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The Archives of the Republic of Slovenia

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The Archives of the Republic of Slovenia is the central and largest archival institution in the Republic of Slovenia.

The Archives of the Republic of Slovenia are based in Ljubljana, in the Gruber Palace, which is a Baroque cultural monument. In the second half of the 19th century, Virant's house was added on the north side. In the 1970s, a triangular inner courtyard was created with a complete renovation of the south-eastern part.

Gruberjeva palača

It performs the tasks of the state archives and is a body within the Ministry of Culture. It takes care of the uniform professional implementation of public archival activities.

The Archives of the Republic of Slovenia, as the state archives, protects public archives of state bodies, holders of public authority or public service providers provided by the state, the Bank of Slovenia and state and public funds, agencies and other legal entities established by the state. countries. The archive also protects private archives and film archives for the entire country. Keeps a summary record of public archives in the country and records of archives abroad and abroad, relating to Slovenia and Slovenes, and keeps records of public symbols, coats of arms, flags, seals, stamps and stamps at the national level.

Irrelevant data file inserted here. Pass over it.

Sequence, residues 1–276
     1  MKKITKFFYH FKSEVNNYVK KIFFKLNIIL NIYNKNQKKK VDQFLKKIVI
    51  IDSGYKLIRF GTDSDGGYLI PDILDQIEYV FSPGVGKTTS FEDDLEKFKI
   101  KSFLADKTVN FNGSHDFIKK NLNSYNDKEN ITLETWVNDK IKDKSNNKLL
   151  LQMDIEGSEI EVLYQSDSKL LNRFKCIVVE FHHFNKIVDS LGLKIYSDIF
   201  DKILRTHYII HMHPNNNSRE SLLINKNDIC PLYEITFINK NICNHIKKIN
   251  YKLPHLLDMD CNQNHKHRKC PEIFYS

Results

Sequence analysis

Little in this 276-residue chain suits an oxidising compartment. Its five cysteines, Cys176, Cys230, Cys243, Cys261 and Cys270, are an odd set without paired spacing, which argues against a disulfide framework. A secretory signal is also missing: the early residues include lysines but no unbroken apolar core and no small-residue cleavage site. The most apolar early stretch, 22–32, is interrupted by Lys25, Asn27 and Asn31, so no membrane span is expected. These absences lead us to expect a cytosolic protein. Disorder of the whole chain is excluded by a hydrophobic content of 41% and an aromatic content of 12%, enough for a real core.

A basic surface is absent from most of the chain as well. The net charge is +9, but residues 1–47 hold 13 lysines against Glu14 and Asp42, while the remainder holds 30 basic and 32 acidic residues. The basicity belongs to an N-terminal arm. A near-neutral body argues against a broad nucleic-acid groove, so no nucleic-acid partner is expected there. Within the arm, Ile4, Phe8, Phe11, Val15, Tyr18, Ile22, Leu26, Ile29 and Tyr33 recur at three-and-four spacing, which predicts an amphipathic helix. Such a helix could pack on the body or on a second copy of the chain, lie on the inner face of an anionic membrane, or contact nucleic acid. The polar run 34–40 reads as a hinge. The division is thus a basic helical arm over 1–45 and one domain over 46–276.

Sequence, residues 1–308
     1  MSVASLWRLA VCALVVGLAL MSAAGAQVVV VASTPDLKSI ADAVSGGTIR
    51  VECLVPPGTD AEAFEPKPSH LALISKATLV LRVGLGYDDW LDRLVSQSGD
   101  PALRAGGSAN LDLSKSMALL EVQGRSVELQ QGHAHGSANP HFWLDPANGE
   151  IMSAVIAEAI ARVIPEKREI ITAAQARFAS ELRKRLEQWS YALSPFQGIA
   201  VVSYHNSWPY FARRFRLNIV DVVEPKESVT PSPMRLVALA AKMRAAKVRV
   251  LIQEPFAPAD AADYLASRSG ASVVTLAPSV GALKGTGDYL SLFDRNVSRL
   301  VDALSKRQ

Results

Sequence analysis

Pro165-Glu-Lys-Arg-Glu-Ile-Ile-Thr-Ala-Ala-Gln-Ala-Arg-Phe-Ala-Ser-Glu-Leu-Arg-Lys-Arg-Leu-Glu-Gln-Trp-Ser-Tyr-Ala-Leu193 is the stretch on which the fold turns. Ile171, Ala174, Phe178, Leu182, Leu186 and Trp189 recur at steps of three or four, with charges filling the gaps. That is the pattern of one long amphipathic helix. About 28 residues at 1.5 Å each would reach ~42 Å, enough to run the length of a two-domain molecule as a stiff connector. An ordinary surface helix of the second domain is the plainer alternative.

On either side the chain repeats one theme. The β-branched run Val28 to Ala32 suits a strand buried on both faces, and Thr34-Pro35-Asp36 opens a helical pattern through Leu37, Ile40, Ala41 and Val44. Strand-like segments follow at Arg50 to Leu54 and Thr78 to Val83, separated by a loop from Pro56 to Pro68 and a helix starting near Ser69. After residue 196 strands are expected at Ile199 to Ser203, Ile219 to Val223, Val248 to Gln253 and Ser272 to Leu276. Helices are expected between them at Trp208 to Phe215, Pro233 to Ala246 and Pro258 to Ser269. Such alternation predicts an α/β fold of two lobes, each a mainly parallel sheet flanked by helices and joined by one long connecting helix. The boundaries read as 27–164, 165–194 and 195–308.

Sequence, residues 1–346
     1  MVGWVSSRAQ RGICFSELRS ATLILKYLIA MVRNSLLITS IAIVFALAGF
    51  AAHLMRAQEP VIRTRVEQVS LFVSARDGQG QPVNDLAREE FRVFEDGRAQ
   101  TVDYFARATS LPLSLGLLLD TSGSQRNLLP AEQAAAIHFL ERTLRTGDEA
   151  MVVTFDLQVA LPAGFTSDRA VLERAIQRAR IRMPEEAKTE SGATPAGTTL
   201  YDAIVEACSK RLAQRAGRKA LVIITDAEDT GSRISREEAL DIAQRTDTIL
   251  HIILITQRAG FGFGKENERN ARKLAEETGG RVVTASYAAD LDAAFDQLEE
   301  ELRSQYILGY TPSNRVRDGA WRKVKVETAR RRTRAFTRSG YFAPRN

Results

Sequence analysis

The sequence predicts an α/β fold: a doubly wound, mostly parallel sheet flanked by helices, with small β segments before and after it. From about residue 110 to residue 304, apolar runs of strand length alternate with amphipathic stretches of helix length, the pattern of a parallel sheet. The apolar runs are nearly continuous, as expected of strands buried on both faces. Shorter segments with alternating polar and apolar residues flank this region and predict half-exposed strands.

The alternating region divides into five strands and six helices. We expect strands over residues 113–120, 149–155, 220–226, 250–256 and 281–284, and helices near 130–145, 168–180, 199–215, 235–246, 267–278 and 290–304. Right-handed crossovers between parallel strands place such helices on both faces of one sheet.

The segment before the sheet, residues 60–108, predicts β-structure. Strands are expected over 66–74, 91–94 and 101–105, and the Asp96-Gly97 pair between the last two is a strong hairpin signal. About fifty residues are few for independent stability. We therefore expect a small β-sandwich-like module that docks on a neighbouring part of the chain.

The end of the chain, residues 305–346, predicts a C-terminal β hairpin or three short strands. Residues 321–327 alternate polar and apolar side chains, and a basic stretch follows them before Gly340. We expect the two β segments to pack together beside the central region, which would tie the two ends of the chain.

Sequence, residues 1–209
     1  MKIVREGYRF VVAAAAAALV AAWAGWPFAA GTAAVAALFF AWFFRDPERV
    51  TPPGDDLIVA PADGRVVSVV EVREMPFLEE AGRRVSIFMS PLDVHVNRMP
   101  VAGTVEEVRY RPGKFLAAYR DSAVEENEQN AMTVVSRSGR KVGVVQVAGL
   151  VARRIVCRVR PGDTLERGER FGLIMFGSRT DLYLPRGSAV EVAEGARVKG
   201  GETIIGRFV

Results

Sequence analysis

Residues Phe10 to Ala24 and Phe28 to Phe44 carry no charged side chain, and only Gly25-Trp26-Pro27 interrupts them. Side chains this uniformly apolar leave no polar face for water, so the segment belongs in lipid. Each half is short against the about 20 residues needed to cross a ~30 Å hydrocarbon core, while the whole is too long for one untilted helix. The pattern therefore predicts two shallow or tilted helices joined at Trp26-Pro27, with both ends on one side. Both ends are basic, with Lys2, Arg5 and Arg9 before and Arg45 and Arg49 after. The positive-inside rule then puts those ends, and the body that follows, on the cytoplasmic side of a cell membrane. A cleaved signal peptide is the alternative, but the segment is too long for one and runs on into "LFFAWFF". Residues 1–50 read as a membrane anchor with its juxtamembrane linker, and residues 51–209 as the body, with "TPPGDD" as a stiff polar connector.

The archive protects public and private archival material in accordance with the Act on the Protection of Documentary and Archival Material and Archives and the Archival Material Act, which contains personal data on the patient's treatment.

The tradition of the archives dates back to long before its establishment as an independent institution in 1945. Namely, by a decree of the National Government of Slovenia it was established as the Central State Archives of Slovenia on 31 October (the act entered into force on 7 November). renamed the changes several times: in 1953 to the State Archives of the People's Republic of Slovenia, in 1966 to the Archives of Slovenia, and in 1979 to the Archives of the Socialist Republic of Slovenia. It has borne its present name since 1990. The beginnings of the care for archival material in the first half of the 19th century took place similarly to other lands of the Austrian monarchy, of which we were an integral part until its collapse. In particular, documentary material was collected and inventoried by various institutions, societies and individuals. In 1859, the Historical Society for Carniola proposed the establishment of a provincial archive, and with the allotted storage space in the newly built building of the Provincial, today's National Museum in Ljubljana in 1887, the conditions for its operation were actually set. We are talking about the Carniola Provincial Archives as an integral part of the museum. During the period of the Kingdom of Yugoslavia, the State Archives was established in 1926, but it still functioned as an organizational unit of the museum.